Sleep, Nutrition, and Weight
The common recommendation for adults in terms of a regular night’s sleep is between seven and nine hours. The recommendations for sleep are constantly changing, but the most scientifically accepted amount for some time has been this seven to nine hour time period. Even if we slip up and end up getting a drop under seven hours at six hours of sleep, it can dramatically alter the course of our day with our energy levels being depleted, our focus being impaired, and in some cases, our safety being impacted when driving or operating machinery.
There are some aspects of our behavior that can help us improve our sleep habits and get the sleep that we need on a night-to-night basis. Alongside the problem of sleep we often see the development of certain health problems that result from a lack of sleep as well. This can include stress, anxiety, and poor immune system functionality.
One of the main health conditions that we see develop in individuals who are not able to maintain proper sleeping habits is obesity. Many different studies have looked into the impact of sleep on our overall health and if we are not getting adequate sleep, we are most likely not absorbing the proper amount of nutrients that are required for proper nutrition. Consequently, with this lack of proper nutrient absorption often leads to malnutrition overall. Fat and salt are two key nutrients that contribute to increased weight gain and are also some of the most quickest absorbed nutrients overall. So even if we are making an effort to get adequate sleep and our diet is poor, our weight is definitely at stake and there is an increased potential to gain weight when we are not sleeping,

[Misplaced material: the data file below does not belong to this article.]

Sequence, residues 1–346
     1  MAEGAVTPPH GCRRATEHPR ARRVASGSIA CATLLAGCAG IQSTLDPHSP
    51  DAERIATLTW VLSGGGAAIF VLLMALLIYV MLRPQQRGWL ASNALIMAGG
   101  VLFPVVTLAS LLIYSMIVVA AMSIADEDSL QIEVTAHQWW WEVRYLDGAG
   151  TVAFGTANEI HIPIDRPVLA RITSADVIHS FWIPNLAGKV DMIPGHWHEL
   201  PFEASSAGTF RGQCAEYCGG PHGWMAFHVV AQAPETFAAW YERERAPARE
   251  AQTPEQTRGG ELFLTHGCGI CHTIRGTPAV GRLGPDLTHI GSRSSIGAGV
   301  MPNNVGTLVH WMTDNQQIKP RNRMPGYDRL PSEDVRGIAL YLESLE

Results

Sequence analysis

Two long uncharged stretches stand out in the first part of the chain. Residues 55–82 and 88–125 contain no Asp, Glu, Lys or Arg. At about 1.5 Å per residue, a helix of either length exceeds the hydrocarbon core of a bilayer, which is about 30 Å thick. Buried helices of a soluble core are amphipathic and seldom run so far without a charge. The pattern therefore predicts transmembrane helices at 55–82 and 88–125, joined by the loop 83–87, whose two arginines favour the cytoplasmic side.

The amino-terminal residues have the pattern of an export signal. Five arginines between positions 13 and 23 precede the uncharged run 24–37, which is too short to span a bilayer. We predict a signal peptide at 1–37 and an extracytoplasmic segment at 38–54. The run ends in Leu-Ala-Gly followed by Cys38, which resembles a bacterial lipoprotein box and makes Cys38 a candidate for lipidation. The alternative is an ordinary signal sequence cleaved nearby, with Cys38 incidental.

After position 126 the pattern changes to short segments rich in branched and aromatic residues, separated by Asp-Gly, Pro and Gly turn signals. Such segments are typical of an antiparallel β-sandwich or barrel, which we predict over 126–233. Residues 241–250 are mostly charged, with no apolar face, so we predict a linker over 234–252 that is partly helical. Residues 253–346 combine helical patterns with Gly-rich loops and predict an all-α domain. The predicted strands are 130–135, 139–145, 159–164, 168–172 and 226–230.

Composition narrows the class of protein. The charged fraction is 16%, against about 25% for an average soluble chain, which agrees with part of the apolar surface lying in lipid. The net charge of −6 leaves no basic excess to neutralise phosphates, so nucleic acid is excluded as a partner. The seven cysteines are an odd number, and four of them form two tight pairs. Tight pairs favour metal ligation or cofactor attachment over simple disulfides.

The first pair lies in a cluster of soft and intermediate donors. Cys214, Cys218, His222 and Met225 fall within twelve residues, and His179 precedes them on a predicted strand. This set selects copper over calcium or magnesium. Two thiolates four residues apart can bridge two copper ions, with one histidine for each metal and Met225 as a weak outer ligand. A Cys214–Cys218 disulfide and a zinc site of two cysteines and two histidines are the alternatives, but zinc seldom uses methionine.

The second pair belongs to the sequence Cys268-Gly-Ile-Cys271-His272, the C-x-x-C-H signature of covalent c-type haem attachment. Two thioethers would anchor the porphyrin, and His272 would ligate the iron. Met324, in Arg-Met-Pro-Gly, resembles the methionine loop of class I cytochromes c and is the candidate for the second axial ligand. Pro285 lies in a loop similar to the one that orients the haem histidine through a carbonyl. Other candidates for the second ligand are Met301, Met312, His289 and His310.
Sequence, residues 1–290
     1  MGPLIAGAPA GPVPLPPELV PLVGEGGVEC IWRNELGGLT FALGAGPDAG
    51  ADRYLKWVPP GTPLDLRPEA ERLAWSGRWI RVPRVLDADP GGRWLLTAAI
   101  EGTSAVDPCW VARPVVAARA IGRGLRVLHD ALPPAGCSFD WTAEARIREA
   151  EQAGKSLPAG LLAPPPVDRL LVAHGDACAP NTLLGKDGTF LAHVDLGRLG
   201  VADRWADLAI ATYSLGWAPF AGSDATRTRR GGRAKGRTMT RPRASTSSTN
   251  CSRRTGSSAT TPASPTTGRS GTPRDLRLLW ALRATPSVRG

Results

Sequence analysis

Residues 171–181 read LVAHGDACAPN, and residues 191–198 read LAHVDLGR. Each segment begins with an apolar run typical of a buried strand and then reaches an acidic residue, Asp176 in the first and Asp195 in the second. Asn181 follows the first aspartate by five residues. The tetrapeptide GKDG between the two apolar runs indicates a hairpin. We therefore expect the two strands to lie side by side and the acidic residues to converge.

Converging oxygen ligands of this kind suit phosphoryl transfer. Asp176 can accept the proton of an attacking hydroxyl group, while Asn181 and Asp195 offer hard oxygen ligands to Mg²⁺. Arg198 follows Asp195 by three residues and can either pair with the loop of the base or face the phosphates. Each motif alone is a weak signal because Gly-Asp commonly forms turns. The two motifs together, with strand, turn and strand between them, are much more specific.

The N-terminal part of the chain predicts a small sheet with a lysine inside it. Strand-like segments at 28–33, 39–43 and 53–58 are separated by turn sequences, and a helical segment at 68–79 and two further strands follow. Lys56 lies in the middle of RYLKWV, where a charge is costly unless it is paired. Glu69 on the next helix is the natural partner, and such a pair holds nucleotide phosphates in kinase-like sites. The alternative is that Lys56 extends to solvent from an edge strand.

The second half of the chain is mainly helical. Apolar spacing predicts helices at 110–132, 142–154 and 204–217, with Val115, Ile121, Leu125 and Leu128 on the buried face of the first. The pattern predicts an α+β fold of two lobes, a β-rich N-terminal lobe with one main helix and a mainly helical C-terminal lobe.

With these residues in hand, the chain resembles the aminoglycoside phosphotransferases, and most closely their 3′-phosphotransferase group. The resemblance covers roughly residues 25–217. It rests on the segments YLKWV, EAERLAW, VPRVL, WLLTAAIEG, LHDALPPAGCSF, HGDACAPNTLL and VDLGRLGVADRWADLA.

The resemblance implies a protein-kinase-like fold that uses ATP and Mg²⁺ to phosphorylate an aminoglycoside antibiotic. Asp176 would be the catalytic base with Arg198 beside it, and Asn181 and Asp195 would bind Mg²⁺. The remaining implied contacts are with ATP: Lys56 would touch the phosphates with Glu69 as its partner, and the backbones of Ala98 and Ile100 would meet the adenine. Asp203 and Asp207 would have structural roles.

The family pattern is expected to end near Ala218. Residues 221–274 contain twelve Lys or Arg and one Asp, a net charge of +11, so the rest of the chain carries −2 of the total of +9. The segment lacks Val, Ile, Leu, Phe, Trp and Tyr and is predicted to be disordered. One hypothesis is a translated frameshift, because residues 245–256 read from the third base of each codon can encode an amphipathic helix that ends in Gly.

There are other comorbidities involved with obesity and sleep problems, namely sleep apnea. Increased weight places stress on our respiratory system, which can cause obstructions in air pathways during sleep. Overall, the role of nutrition in our sleep patterns is quite substantial, and vice versa. Being mindful of what we put into our bodies and how we conduct ourselves with respect to certain behaviors can improve our health by leaps and bounds. While many people with obesity rarely worry about their sleep, it does and can have an affect on sleep patterns. It is more vital than ever that physicians point out these risks to overweight or obese patients.